SO2 FLUX MONITORING AT POPOCATEPETL VOLCANO, MEXICO, USING THE OZONE MONITORING INSTRUMENT
Giovanni Nin, Lizzette A. Rodriguez.
University of Puerto Rico, Mayagüez Campus, Mayagüez, PR.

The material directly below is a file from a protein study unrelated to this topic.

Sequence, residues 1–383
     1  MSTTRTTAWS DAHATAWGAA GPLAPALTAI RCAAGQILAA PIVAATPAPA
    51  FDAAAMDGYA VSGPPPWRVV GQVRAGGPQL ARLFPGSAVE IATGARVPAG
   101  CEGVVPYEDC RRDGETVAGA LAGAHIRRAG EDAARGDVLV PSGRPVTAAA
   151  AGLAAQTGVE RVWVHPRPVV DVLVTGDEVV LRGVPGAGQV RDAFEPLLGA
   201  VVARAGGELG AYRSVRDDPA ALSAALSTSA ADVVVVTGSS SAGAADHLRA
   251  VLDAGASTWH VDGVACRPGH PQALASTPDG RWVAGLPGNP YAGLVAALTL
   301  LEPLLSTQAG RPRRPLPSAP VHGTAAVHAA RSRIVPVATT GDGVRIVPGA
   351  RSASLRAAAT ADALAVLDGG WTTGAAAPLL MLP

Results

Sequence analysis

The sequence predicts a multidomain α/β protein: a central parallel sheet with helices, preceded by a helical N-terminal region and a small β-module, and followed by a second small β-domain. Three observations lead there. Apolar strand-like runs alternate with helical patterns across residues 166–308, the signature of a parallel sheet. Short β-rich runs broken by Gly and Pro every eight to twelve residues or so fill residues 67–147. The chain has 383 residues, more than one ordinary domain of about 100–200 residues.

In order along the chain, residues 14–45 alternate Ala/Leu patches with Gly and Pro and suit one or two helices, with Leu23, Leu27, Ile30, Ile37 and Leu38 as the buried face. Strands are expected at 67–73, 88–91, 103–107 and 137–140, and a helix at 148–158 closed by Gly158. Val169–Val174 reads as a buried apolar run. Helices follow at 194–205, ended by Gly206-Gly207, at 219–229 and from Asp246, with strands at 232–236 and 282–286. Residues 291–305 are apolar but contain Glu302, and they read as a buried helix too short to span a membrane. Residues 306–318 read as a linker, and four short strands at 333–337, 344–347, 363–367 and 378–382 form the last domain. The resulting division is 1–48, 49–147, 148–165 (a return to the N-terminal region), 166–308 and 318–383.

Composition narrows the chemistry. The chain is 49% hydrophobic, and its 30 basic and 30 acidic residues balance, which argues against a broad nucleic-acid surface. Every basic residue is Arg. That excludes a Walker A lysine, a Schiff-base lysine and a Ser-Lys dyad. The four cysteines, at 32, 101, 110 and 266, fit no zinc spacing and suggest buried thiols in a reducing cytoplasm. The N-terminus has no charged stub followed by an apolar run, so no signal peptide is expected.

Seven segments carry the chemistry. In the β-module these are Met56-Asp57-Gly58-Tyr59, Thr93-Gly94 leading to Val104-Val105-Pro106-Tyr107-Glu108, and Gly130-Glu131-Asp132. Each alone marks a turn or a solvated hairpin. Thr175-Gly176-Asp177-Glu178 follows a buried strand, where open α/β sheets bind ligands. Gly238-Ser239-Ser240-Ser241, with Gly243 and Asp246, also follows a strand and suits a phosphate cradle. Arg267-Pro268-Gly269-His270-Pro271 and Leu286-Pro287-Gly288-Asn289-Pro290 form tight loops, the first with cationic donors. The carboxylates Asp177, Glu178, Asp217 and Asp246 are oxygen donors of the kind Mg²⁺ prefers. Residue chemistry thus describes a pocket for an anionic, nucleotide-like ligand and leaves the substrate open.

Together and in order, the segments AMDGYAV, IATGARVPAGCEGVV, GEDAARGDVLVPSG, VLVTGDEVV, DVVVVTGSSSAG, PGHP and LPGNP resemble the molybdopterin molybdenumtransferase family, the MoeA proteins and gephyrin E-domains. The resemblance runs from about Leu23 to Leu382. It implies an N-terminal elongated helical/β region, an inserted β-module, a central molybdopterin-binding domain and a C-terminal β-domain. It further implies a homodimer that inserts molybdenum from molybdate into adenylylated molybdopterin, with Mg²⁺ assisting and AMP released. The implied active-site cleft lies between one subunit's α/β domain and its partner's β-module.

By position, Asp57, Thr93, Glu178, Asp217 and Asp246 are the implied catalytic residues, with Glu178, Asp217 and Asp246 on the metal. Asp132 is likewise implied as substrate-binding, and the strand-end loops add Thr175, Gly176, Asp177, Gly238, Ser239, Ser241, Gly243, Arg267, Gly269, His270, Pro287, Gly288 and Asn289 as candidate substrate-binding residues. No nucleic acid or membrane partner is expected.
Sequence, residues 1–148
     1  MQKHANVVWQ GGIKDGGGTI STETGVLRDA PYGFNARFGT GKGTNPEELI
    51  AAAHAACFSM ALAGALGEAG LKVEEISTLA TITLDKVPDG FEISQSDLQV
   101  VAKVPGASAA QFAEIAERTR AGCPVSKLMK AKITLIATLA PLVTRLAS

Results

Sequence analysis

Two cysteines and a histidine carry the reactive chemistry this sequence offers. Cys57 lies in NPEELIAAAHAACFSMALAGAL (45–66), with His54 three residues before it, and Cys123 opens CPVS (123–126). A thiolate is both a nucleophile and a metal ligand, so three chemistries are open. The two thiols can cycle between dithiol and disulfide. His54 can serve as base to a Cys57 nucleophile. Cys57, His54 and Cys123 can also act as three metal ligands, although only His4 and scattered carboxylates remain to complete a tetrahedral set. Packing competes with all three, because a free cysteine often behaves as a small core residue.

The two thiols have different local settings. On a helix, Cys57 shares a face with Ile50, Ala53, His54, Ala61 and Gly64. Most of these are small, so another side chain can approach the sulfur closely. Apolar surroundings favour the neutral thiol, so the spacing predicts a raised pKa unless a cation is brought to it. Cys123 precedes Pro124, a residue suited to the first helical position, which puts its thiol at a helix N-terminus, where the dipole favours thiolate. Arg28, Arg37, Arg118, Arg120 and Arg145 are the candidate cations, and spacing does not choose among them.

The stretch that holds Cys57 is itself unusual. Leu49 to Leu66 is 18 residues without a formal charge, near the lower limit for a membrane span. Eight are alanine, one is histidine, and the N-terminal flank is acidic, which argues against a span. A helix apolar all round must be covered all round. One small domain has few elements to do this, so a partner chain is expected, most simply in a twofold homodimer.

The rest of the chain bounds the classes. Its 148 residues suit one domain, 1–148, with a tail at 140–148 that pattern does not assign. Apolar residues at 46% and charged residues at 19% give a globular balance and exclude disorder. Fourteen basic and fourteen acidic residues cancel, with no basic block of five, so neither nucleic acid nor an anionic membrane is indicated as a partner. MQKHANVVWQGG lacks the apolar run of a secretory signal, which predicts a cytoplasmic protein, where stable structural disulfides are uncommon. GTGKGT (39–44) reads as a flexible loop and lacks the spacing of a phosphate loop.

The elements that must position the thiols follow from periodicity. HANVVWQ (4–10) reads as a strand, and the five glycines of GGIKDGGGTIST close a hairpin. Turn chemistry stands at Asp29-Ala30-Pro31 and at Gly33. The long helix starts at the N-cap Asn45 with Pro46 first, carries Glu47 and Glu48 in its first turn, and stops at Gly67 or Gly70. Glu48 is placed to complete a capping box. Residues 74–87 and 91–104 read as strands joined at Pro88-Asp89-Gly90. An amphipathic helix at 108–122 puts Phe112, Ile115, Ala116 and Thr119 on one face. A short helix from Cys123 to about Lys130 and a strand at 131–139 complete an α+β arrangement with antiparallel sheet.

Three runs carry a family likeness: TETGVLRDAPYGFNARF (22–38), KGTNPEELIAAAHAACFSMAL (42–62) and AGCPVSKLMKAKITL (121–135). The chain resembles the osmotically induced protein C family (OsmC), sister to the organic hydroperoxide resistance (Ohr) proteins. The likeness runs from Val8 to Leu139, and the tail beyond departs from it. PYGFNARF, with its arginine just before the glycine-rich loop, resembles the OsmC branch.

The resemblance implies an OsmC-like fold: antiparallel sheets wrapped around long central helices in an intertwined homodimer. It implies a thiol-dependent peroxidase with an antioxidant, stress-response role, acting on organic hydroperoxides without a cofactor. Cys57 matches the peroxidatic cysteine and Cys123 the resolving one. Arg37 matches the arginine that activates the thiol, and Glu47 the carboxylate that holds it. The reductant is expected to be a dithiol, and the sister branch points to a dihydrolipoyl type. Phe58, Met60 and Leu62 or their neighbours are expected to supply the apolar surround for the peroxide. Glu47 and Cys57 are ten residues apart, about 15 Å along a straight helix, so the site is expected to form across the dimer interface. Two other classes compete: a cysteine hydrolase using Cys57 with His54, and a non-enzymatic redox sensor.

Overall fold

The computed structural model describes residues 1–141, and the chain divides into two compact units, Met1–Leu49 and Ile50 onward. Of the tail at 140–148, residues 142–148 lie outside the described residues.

Volcanic eruptions emit large amounts of gases to the atmosphere, especially water vapor, carbon dioxide, and sulfur dioxide. The monitoring of these volcanic emissions is very important because they can be used to understand and forecast an eruptive process. Approximately 44 satellite images (2012 and 2013) from the Ozone Monitoring Instrument (OMI) were downloaded and processed to measure the SO2 mass in the plume and then to calculate the SO2 fluxes from one of the most active volcanoes in the world: Popocatepetl, Mexico. Two different techniques were used to determine the SO2 fluxes on Popocatepetl: the single pixel emission rate estimation technique and emission rate estimation based on SO2 plume transect technique. Based on the analysis, the most active period between 2012 and 2013 was during April to May 2012, with an average SO2 flux of 6,710 t/d. This corresponded to the period right before and at the beginning of the eruptive crises in 2012. On the other hand, the period with less activity was between August and October 2012, with an average flux of 1,930 t/d. A trend of increasing SO2 flux was found for the period January to May 2013. Finally, the results were compared with previous works, demonstrating a general correlation in the data, even though the differences were high for certain dates, probably because of errors in the wind-speed data.